NUI Galway Launches New Music Degree

Dr Aidan Thomson and students of the first NUI Galway music degree

NUI Galway Launches New Music Degree

'I look forward to seeing amazing things coming from this base in the future – things we can’t even imagine at this stage.' – Jane O'Leary

NUI Galway held an official launch of its music degree on Tuesday 9 October at the Aula Maxima in the University.

The occasion was marked with speeches by the new Head of Music, Dr Aidan Thomson, composer Dr Jane O’Leary, and Dean of Arts, Social Sciences and Celtic Studies, Professor Cathal O’Donoghue. There were also performances by Galway uilleann piper Pádraig Keane and Galway Ensemble-in-Residence, the ConTempo Quartet.

The four-year degree is a major development for musical life in Galway city and county. NUI Galway accepted its first intake of music students in September. The majority of the students are from the west of Ireland and the Leaving Certificate entry points for the course were the highest of any music programme in Ireland. Speaking at the launch, Dr Thomson said:

There is a huge opportunity for this degree to make its mark. We all know that Galway is the natural cultural capital of Ireland, and we all know that music – of all types – is a given in any cultural centre. What we can provide through the BA are people who have the education to build on the many musical strengths that exist here already.

At the heart of the course is the development of musicianship. Dr Thomson added:

That means a mastery of core musical skills, in theory and harmony, and their application in the broad stylistic categories of music: the classical, the traditional and the popular. Once that is in place, everything else follows: performers, composers and teachers, but also imaginative arts administrators; knowledgeable music critics, journalists and broadcasters; music therapists with a breadth of musical experience – the list goes on. It is a vision that I believe is realisable, and in a university like NUI Galway that takes pride in its strength in the humanities and creative arts, it is the right place in which to realise it.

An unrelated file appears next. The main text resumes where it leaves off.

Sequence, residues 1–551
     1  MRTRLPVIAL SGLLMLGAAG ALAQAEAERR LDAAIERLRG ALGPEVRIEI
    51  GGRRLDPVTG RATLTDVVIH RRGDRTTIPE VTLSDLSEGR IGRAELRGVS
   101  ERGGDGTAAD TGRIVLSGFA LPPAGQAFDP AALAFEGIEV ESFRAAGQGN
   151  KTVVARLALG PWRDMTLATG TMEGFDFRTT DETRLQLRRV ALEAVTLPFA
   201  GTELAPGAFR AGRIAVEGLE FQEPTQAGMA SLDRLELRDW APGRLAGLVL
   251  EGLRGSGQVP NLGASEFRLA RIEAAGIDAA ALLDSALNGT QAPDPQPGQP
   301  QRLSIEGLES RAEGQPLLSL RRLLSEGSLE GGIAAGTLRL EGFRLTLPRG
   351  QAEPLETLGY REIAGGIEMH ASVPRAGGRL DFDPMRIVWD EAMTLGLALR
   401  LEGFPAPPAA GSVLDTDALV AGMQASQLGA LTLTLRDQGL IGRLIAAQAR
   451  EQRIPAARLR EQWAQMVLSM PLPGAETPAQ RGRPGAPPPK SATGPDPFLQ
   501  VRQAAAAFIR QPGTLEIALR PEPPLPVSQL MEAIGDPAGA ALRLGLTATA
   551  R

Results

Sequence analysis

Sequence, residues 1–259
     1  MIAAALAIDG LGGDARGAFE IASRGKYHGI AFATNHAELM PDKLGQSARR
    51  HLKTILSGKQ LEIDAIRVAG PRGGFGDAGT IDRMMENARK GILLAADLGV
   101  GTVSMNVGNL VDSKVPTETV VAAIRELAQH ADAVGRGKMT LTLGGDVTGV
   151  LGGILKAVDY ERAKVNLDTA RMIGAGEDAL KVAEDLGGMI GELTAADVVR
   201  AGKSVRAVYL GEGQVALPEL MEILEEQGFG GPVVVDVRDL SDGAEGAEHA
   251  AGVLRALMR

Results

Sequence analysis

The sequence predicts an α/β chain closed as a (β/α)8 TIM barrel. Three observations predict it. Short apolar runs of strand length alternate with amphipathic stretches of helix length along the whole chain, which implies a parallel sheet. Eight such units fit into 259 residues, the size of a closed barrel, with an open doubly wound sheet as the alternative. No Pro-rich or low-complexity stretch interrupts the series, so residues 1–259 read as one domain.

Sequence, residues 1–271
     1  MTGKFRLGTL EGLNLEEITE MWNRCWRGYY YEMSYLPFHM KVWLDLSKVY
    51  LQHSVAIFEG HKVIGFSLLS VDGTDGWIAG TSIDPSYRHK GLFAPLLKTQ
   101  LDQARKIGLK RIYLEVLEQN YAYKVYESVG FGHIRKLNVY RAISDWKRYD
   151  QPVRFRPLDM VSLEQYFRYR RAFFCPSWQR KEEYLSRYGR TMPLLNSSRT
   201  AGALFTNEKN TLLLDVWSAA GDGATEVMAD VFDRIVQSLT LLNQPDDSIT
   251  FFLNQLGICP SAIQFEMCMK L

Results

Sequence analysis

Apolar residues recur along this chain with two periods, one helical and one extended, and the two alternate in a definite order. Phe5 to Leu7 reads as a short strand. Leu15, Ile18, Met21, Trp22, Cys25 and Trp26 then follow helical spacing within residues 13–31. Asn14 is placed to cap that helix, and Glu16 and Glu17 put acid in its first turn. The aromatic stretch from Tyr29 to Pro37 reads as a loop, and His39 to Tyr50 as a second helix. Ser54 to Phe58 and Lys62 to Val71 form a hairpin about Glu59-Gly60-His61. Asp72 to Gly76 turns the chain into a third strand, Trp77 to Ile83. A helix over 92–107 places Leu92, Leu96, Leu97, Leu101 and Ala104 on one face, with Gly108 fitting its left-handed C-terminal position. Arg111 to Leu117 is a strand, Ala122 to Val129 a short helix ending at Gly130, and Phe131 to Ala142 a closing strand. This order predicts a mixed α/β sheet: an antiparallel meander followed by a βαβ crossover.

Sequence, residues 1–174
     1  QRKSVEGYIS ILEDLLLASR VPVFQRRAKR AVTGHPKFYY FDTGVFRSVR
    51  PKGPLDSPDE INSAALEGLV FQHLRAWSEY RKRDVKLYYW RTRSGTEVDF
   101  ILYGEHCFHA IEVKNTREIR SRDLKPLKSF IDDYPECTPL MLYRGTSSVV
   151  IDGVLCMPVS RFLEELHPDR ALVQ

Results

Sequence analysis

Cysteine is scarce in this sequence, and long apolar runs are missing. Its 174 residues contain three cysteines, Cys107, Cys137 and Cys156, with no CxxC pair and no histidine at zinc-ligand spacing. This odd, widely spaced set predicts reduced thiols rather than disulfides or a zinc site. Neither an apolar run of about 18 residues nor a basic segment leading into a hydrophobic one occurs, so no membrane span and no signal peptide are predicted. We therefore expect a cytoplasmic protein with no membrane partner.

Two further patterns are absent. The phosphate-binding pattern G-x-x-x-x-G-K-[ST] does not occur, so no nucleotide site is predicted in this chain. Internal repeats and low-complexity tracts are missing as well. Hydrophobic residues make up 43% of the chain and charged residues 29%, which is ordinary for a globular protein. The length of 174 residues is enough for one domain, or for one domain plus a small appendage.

‘Things we can’t even imagine’
Composer Jane O’Leary, who moved to Galway from the United States 46 years ago and was a founder of the Galway Steinway Trust, Music for Galway and the Galway Ensemble in Residence, as well as the contemporary music ensemble Concorde, recalled her own experience at university.

This is a moment so many of us have been waiting for – for a very long time… Eight years prior to arriving in Galway, I remember vividly sitting in my first music lecture – having never studied music apart from piano up to that point. I knew that my future would be in the field of music, but I had no idea what was possible. As I listened with excitement to the lecturer dissecting a piece of music – listening, listening again, becoming aware of the context – I felt as if I had been listening in black and white all my life. Suddenly the music was in blazing colour. That’s the kind of experience we’re now offering to students in NUI Galway – finally. 

She emphasised the huge opportunity presented by the establishment of the degree:

I wish all the potential students and staff working here the joy that comes from discovering and sharing as they delve into the intricacies of music, and I look forward to seeing amazing things coming from this base in the future – things we can’t even imagine at this stage. 

The launch featured the performance of a range of works, including a solo performance by Pádraig Keane of the air ‘Gol na mBan san Ár’ and the march ‘Máirseáil Alasdruim’; Amanda Feery’s ‘Something Like Light But Not’ (with the composer present) performed by Keane and ConTempo – a recent commission by Galway City Council Arts Office in partnership with the Galway Music Residency; the slow movement of the String Quartet in E Major by Bax (a composer that Dr Thomson has conducted extensive research on); and the finale of Beethoven’s String Quartet No. 8, the second of the Razumovsky quartets, Op. 59. The significance of the Beeethoven lies in the fact that three volumes of the composer’s letters were translated by Dr Emily Anderson (1891–1962) who was a Professor of German at NUI Galway. The University’s Emily Anderson Concert Hall is named after her.

For more on the NUI Galway BA in Music, visit

Published on 12 October 2018

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